emotional processes to develop a solid theory of interactive, dynamic, and visual environments
where learners can acquire new skills in situated interactions (p.752).

Schraw, Gregory & Matthew McCrudden. Information Processing Theory. Jul 12, 2013.
www.Education.com

We process information with amazing efficiency and often perform better than computers in
problem solving and critical thinking skills. Researchers have developed systematic models of
memory, cognition, and thinking, such as the information processing model (IPM) to explain this
process. It consists of three main components, sensory memory, working memory, and long-term
memory. Sensory and working memory enables people to manage limited amounts of
information during processing, whereas long-term memory is a permanent repository for
knowledge storage. The terms that describe this efficient cognitive processing in working
memory are limited attentional resources and automaticity. Sensory memory is effective during
processing with a high degree of automaticity when it utilizes familiar spoken or printed words,
faces, and sounds. Long-term memory does not have these limitations for attention and provides
an unlimited storage for facts and knowledge that are held for very long periods of time.
Research has identified the two key aspects of long-term memory as what types of information
are represented, and how information is then organized. The recall ability of long-term memory
increases due to this efficient organizational strategy. The IPM provides a three-component model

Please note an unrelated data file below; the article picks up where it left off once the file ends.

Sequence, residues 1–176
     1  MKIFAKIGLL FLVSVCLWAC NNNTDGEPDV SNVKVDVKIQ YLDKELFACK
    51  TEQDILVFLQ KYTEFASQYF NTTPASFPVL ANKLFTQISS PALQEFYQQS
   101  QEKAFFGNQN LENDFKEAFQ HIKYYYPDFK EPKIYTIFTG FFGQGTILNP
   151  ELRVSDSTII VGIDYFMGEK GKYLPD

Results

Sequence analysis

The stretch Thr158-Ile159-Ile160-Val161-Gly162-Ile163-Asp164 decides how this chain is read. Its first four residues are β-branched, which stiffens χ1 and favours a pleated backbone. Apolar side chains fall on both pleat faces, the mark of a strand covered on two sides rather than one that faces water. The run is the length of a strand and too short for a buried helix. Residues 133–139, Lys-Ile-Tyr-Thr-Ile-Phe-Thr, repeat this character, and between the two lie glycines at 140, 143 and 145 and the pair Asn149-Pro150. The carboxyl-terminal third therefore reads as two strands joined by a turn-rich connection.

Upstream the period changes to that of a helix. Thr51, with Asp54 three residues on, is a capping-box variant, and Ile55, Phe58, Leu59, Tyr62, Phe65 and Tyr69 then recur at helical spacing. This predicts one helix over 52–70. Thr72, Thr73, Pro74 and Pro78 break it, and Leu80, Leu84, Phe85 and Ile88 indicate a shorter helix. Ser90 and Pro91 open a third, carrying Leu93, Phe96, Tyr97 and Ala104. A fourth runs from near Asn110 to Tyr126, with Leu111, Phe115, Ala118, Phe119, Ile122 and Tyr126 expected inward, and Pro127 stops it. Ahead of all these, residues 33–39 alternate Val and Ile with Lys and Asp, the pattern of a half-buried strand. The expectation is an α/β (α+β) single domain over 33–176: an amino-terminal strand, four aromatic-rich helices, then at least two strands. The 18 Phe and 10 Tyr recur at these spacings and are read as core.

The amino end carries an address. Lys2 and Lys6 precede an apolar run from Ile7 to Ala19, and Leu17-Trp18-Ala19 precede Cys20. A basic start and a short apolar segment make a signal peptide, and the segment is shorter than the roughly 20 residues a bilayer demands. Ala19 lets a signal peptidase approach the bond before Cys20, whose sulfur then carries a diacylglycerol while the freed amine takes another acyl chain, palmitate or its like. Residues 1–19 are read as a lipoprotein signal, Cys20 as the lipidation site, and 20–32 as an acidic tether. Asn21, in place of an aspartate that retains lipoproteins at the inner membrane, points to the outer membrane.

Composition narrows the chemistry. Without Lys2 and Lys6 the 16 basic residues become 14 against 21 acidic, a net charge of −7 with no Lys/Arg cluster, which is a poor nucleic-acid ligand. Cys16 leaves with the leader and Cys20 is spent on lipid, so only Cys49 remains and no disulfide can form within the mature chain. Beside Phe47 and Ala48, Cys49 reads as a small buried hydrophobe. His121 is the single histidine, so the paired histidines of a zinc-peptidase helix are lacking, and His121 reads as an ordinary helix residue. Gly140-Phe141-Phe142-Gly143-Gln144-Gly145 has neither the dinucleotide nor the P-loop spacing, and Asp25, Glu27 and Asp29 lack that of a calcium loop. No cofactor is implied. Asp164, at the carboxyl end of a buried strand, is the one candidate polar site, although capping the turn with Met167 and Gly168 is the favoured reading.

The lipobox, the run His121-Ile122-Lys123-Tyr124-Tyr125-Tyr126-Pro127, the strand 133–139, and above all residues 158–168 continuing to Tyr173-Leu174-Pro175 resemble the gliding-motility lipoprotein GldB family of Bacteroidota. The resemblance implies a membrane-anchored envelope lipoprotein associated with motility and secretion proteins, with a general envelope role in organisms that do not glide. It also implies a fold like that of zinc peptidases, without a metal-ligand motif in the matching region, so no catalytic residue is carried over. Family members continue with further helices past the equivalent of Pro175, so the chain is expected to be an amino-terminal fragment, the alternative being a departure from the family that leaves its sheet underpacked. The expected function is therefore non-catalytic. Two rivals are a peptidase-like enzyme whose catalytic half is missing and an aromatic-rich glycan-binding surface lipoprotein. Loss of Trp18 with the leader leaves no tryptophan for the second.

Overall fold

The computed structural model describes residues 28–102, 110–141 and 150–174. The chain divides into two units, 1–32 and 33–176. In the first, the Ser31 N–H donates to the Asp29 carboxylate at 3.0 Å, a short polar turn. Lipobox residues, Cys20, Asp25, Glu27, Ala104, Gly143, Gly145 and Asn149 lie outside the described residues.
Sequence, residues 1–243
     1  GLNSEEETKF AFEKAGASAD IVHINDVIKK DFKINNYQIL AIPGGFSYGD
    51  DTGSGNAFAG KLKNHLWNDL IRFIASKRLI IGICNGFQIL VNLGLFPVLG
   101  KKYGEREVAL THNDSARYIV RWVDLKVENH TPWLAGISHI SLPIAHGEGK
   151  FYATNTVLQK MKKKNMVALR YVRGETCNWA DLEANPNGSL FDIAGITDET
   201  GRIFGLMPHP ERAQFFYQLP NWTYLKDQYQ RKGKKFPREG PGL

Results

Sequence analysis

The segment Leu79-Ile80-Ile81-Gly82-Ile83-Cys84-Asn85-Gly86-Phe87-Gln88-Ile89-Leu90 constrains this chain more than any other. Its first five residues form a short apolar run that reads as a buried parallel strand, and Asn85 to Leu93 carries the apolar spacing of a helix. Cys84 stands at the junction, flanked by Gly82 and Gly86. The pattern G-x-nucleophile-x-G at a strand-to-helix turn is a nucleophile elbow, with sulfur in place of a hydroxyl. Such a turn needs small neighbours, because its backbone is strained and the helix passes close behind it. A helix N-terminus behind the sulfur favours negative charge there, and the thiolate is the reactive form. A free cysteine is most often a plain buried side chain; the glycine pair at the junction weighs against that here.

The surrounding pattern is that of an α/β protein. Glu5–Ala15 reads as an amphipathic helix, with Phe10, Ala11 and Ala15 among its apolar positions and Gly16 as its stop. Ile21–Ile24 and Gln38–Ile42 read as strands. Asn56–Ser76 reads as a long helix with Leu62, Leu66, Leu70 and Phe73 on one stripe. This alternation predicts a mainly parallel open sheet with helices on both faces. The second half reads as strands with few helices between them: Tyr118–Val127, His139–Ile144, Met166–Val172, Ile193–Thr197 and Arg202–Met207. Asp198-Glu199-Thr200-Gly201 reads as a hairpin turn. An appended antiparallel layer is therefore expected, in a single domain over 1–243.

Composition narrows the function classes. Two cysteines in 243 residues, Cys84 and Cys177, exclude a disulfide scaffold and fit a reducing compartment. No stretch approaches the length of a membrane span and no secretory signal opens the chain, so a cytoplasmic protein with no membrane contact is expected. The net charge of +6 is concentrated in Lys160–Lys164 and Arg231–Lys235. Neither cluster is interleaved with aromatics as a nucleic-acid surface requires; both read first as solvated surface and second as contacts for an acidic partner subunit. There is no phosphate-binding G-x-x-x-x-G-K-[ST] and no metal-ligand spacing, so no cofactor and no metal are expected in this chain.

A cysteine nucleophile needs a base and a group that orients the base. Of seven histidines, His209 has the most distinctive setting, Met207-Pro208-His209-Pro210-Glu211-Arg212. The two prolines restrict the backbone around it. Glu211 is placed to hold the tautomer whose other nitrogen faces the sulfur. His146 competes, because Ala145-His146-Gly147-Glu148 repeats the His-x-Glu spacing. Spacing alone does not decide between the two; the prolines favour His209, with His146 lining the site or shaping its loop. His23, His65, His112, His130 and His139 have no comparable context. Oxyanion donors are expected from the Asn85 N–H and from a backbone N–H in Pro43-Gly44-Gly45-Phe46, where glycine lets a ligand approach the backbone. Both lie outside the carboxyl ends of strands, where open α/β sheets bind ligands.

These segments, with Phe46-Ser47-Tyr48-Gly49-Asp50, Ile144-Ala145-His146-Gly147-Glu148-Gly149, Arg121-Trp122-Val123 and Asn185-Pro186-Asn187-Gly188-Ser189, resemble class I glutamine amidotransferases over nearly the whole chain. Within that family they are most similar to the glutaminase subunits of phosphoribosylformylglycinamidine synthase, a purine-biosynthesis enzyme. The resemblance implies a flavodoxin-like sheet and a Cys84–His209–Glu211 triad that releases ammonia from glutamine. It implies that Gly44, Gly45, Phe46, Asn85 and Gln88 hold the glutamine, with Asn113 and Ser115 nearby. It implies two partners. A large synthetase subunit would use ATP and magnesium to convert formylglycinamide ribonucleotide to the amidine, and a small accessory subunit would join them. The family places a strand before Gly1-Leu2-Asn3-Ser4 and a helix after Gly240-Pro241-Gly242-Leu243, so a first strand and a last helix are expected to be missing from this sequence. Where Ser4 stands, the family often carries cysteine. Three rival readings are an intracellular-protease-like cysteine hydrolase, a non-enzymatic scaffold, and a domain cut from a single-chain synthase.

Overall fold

which explains these different capabilities involving memory and provides an excellent
framework for our understanding of the principles of effective learning.

Tobias, S., Fletcher, J. D., Bediou, B., Wind, A. P., & Chen, F. (2014). Multimedia Learning with
Computer Games. In R. E. Mayer (Ed.), The Cambridge Handbook of Multimedia
Learning. (pp. 762-784). New York: Cambridge.

Multimedia video games quantity and quality are reviewed through research with an emphasis on the
effects on computer games that improve learning. These games are environments that respond rapidly to
users actions. Most games use multimedia to display graphic images, text, and sound. This research
determines the effectiveness during instruction and cognitive processes that leads to more successful
learning because of greater motivation and more frequent use. This type of enhanced learning produces
greater transfer of knowledge and longer retention of learned knowledge. It found the greater the overlap
in cognitive processes, the more likely the transfer of knowledge occurs (p.763). The research was
summarized in three areas after playing one game to determine the value of multimedia used during
instruction: value added, instructional strategy, and cognitive effects. The effects of playing the computer
game were then found in five areas: cognitive, neurophysiological, neuropsychological, practical use and
school performance (p.765). The positive results from utilizing computer games were found to be that the
number of game studies has increased therefore research quality has improved and greater exemplary
games on market that produces expanded research (p.773). Since learning occurs while we play computer
games it is common to assume improved cognitive capabilities in attention skills, working memory
capacity, decision making efficiency, and improved speed and accuracy are related to this use of
multimedia learning (p.776). Though games require media for the application to run, they are still
considered instructional strategies use in learning. The research in this chapter focuses comparing the use
of multimedia games with various other approaches to validate the assumptions of improved cognitive
learning. This research establishes computer games as instructional strategies that provide an
understanding of deeper cognitive processes. The multimedia presence offers the additional features that
enable learners with specific characteristics to achieve targeted educational goals (p.777).